10 Dog Breeds That Can’t Tolerate the Summer Heat

Nicole LaForest, LVT, BSc, MPH
By Nicole LaForest, LVT, BSc, MPH. Reviewed by Barri J. Morrison, DVM on May 7, 2024
tan french bulldog lying on his side on a porch and panting

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As the temperatures rise, keeping dogs cool is an important part of pet parenthood. If dogs are not properly cared for in hot weather, they can experience heatstroke and other heat-related conditions. And if a dog’s body temperature rises to dangerous heights, it can be fatal.

It’s essential that you protect your dog during extreme heat by:

  • Limiting time spent outside in hot weather

  • Keeping outdoor exercise restricted to cooler parts of the day (morning and evening)

  • Giving your dog cool baths

  • Offering your dog shade, air conditioning, cooling mats, and constant access to fresh water

Here are some dog breeds that are particularly susceptible to hot weather.

1. Akita

black and white akita dog with his tongue hanging out in shallow focus
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In cold weather, an Akita’s thick double coat provides insulation. But in hot weather, this coat may cause them to overheat. This, coupled with their heavy build, means Akitas have a low tolerance for heat.

2. Alaskan Malamute

gray and white fluffy alaskan malamute standing in grass and looking up at the sky
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The Alaskan Malamute was bred to pull heavy loads in freezing Alaskan temperatures. This makes them one of the best dog breeds for cold weather, but one of the worst for hot climates. Keeping your Malamute inside during the hottest parts of the day and routinely brushing them to remove excess fur can help your dog stay comfortable in the summer.

3. Boston Terrier

black and white boston terrier wearing a red collar sitting in grass and panting
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Unlike Akitas and Alaskan Malamutes, Boston Terriers don’t have a thick fur coat. But they are brachycephalic, meaning they have a short muzzle that makes it difficult for these dogs to cool themselves off by panting.

During the summer months, it’s important to keep a Boston Terrier’s environment cool and well-ventilated. Avoid going outside and engaging in strenuous activities during the hottest parts of the day.

4. Boxer

brown brindle boxer sitting and looking up at the camera with his tongue sticking out of his mouth
Photo credit: Adobe Stock/smilingsunray

Because Boxers are brachycephalic and have high energy levels, they tend to overheat easily. Make sure their daily walks are restricted to cooler parts of the day (morning or evening) and that they have a cool, shaded place to rest during the heat of the afternoon.

5. Chow Chow

red chow chow lying down with a blue water bowl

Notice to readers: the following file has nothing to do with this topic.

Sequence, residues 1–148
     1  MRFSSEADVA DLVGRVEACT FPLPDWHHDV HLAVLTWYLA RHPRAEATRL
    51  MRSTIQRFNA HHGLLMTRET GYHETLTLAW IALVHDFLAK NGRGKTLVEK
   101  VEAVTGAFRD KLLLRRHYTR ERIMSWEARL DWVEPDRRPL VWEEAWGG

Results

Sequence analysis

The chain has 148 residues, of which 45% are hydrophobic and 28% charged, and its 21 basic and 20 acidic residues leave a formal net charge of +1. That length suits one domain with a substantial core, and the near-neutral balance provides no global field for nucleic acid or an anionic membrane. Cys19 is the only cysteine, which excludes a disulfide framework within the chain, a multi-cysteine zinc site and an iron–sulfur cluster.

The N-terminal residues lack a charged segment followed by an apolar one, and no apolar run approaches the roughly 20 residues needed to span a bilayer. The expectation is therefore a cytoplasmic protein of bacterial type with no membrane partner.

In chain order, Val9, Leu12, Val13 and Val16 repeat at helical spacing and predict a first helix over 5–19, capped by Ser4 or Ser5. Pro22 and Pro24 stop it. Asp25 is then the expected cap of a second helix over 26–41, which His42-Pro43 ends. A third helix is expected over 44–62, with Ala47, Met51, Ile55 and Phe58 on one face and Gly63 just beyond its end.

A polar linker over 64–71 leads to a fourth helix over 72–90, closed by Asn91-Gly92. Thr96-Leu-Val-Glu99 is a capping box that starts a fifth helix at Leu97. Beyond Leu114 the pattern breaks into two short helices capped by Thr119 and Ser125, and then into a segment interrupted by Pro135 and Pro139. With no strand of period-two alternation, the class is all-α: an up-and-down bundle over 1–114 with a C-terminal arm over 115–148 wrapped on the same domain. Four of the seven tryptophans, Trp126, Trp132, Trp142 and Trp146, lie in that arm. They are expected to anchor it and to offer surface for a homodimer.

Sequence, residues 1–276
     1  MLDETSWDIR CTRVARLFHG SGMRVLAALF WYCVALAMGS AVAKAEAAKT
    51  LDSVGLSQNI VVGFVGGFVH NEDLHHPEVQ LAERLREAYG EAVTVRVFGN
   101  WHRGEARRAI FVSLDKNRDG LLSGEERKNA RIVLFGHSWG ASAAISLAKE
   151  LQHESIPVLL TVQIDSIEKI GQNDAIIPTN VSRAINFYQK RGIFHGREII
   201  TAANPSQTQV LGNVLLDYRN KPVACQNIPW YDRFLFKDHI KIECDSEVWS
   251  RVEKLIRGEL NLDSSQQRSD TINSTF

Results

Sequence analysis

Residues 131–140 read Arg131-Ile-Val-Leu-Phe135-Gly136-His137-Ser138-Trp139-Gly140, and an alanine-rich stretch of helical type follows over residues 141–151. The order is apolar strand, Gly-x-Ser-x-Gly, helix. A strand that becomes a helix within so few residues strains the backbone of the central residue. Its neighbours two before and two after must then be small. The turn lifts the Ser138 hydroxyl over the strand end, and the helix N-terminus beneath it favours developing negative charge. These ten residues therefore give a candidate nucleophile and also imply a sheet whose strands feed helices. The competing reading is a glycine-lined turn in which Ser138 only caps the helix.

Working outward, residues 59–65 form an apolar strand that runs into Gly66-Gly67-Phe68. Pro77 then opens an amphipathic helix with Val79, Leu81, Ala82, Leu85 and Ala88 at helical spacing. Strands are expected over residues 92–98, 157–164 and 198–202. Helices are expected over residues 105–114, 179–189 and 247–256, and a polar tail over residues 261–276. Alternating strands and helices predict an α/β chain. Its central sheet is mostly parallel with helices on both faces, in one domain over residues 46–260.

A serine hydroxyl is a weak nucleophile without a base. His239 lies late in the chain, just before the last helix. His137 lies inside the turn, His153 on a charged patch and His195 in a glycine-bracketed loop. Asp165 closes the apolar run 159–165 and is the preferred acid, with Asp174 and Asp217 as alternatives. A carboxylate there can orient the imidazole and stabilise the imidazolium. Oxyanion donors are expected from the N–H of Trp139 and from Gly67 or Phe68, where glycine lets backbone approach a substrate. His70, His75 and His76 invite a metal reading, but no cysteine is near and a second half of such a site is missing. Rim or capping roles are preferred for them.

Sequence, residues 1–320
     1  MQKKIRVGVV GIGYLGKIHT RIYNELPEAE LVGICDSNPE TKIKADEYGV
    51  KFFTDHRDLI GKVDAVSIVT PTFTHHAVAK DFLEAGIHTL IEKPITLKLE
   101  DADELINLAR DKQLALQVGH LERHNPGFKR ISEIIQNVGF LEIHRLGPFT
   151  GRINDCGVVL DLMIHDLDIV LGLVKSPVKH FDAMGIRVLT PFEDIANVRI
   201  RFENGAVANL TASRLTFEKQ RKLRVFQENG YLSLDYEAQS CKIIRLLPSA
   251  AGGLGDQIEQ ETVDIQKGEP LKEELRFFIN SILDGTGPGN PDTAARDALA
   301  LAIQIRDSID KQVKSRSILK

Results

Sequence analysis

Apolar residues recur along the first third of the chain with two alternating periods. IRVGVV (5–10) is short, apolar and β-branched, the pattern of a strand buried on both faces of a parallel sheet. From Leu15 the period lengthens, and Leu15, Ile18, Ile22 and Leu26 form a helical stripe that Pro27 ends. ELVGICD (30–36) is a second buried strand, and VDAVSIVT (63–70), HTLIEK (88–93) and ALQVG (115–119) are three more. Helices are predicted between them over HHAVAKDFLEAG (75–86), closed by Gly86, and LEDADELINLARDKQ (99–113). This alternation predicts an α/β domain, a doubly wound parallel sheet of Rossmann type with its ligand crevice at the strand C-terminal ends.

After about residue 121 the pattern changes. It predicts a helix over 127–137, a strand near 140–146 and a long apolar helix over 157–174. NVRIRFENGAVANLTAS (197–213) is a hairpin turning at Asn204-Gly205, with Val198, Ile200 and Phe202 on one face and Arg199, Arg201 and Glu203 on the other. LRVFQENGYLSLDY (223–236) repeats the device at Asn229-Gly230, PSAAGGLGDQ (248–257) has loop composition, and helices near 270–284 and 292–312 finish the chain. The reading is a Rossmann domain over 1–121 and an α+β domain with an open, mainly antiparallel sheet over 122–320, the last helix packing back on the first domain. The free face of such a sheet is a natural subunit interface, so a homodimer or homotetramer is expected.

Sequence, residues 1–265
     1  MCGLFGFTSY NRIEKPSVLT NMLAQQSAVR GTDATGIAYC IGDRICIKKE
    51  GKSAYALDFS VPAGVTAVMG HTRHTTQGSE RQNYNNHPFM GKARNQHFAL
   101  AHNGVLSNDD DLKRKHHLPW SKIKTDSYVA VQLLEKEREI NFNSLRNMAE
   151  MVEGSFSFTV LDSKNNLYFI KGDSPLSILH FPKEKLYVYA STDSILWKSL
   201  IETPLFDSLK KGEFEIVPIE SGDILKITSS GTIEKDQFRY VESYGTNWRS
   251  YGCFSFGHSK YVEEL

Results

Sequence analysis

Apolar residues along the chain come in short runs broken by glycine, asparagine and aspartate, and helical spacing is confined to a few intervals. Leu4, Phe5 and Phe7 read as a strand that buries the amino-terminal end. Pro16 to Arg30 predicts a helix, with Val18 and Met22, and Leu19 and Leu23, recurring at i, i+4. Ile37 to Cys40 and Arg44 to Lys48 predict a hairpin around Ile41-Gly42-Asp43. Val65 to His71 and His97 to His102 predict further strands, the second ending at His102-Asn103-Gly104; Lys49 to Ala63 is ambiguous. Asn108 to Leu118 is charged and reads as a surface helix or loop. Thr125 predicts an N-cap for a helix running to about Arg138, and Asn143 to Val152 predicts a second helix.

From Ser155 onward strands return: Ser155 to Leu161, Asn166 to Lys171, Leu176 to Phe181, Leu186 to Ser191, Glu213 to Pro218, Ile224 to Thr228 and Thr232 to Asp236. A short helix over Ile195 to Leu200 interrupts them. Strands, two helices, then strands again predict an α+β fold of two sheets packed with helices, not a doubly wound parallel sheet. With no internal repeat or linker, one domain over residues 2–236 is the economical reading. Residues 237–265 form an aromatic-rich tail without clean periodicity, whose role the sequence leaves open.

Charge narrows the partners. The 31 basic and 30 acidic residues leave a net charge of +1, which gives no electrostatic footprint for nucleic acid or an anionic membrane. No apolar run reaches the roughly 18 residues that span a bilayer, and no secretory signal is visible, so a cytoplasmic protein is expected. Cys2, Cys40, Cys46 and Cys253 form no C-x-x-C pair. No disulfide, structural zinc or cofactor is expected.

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Chow Chows are not well suited for hot weather due to their thick double coat and heavy build. When not properly cared for, they can easily overheat. Regular grooming prevents matting and gets rid of excess fur that contributes to heat. Keep your Chow inside during extreme weather.

6. English Bulldog

tan and white english bulldog standing in grass and panting
Photo credit: Adobe Stock/Lunja

The flat face of an English Bulldog makes this breed prone to overheating. It’s vital that pet parents restrict this dog’s outdoor activity during the heat of the day. This shouldn’t be too difficult, as English Bulldogs have a reputation for being lazy and calm dogs.

7. French Bulldog

black and white french bulldog sitting on a hiking trail
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Another short-muzzled breed, French Bulldogs cannot effectively cool down through panting. And because dogs don’t sweat like humans do, this can be dangerous.

French Bulldogs are the most popular dog breed in the U.S., and their pet parents need to know how to keep this breed cool and safe. Strenuous activities should be avoided during the hottest parts of the day. Consider cooling mats or fans to help reduce your Frenchie’s body temperature, and ensure they have 24/7 access to fresh water.

8. Pekingese

red Pekingese dog panting in green grass
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Pekingese can’t tolerate hot weather because they have a long, thick coat and because they’re brachycephalic. They may benefit from a summer haircut to help them stay cool, and they should always be kept inside during the hottest parts of the day.

9. Pug

pug lying on the floor and panting in a living room
Photo credit: Adobe Stock/5second

Despite the Pug’s short fur and compact size, they don’t do well in hot weather because of their flat face. Cool, well-ventilated places are important for keeping this small dog breed cool during the summer.

10. Saint Bernard

wet saint bernard standing in front of a lake and looking back at the camera
Photo credit: Adobe Stock/everydoghasastory

Originally from the Swiss Alps, Saint Bernards were bred for cold-weather rescue work. Thanks to the thick coat that protects them in the mountain snow, Saint Bernards can struggle in hot and humid climates. Offer them fresh water and use cooling mats and fans to help lower their body temperature.


Nicole LaForest, LVT, BSc, MPH

WRITTEN BY

Nicole LaForest, LVT, BSc, MPH

Veterinarian Technician


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